De Blasio made the announcement outside the Brooklyn Brownstone School in Bedford-Stuyvesant, which, he said, saw the percentage of its students scoring proficient—generally regarded as a level 3 or 4 score—on the English test rise from 27.5 in 2013 to 44.1 percent in 2014. The number of students meeting state standards in math also increased substantially.
Standing with school principal Nakia Haskins, de Blasio said Brooklyn Brownstone developed a program aimed at having students "think analytically—not just take a test ... This is a deeper approach."
"This school is a trendsetter for things that are starting to happen citywide," de Blasio said. In particular, he cited improved teacher support and training. "You can see the difference it’s making when our teachers are supported in their efforts to help students get to the root of things."
De Blasio readily conceded many students still fall short on that measure. But he said he hopes the types of programs in effect at Brooklyn Brownstone, along with more professional development for teachers, the expansion of pre-k, increasing the number of afterschool programs for middle school students and creating community schools offering a variety of services and supports to students and their families would improve academic performance across the city.
"Test scores are one indicator of progress," de Blasio said, "but tests like this are only one measure. And I'll say this when scores are good and when they're not so good."
Certainly the tests will have less clout than they once did. Indications are that the city's progress reports for individual schools will put less emphasis on test scores. The state has barred selective middle and high schools from using the scores as the sole means for determining which students they admit. In response, the Department of Education has committees working on new admissions procedures, which are expected to issue reports by the end of September, Fariña said.
Education department officials at the press conference said students will be able to access their scores the last week in August.
In light of persistently low scores among many black and Hispanic students, particularly boys, Fariña said the department would create more single-sex schools, such as a new branch of the Eagle Academy for Young Men slated to open on Staten Island, and would improve guidance services. She said an emphasis on technology, while beneficial to all students, might particularly help these low-scoring boys.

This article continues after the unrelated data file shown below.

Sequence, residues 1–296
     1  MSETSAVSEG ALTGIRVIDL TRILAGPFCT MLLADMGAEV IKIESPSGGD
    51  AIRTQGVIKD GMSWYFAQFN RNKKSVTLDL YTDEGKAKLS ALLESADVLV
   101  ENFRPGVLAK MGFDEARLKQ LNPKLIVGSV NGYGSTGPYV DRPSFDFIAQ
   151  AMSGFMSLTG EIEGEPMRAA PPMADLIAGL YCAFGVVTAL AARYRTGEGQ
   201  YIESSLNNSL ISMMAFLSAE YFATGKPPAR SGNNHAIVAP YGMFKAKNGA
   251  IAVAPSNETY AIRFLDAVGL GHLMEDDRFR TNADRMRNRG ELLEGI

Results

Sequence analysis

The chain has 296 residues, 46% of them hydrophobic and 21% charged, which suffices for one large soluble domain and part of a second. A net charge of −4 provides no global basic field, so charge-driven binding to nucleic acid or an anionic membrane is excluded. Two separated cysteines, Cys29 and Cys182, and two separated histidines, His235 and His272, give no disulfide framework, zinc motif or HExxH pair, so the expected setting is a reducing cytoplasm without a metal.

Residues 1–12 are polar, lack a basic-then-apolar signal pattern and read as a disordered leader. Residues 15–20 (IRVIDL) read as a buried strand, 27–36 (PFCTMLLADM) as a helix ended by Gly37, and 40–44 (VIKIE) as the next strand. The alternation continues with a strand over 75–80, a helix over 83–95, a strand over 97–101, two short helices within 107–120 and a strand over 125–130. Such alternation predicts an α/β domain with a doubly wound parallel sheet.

Fariña said she was encouraged by the decline in the number of students scoring at Level 1, meaning the student is "well below proficient." In 2014, 34.7 percent of children were at level 1, compared to 36.4 percent in 2013. In math, the percentage dropped to 33.9 percent from 36.8 percent. Students with a level 2 are considered approaching proficiency and are thought to be on track to graduating high school, though perhaps not to being "college and career ready."
While the sharp drop in test scores last year—the first year that the tests reflected the new Common Core standards—spurred opposition to the Common Core, de Blasio expressed strong support for the standards. "This is a new standard and a higher standard and the right standard," he said.
New York City students did slightly better on state standardized test this spring than they did in 2013, but about two-thirds of test-takers in grades 3–8 still failed to meet state standards on either the English language arts (ELA) or math tests, according to figures released by the state education department today.
In New York City, 34.5 percent of students met or exceeded state standards as measured by the math test, up from 30.1 percent last year. For the state as a whole, 35.8 percent passed the math test, compared to 31.2 in 2013.
ELA scores for the state remained largely flat, with pass rates—the number of children getting a level 3 or 4—increasing by a tenth of a percentage point, from 31.3 percent to 31.4 percent. New York City students, while still scoring below the statewide average, saw a greater increase in English scores, as 29.4 percent scored a level 3 or 4 as compared with 27.4 percent in 2013.
Energy and optimism burst out of the 2011 video [view below] by students at Young Women's Leadership School in Brooklyn. Dancing and singing to the tune of Taio Cruz's "Dynamite," they proclaim, "Test prep goes on and on and on....I am brilliant. I have confidence. Gonna ace these tests."
This month, many city students will see such optimism ebb when they learn how they scored on the state's standardized reading and math tests. At Brooklyn's Young Women's Leadership, for example, only 24 percent scored well enough to be viewed as "passing" the English test, with less than 15 percent passing the math exam. In the first tests tied to the new Common Core standards, other schools, particularly in poorer parts of the five boroughs or with high percentages of black and Latino students, had similar results.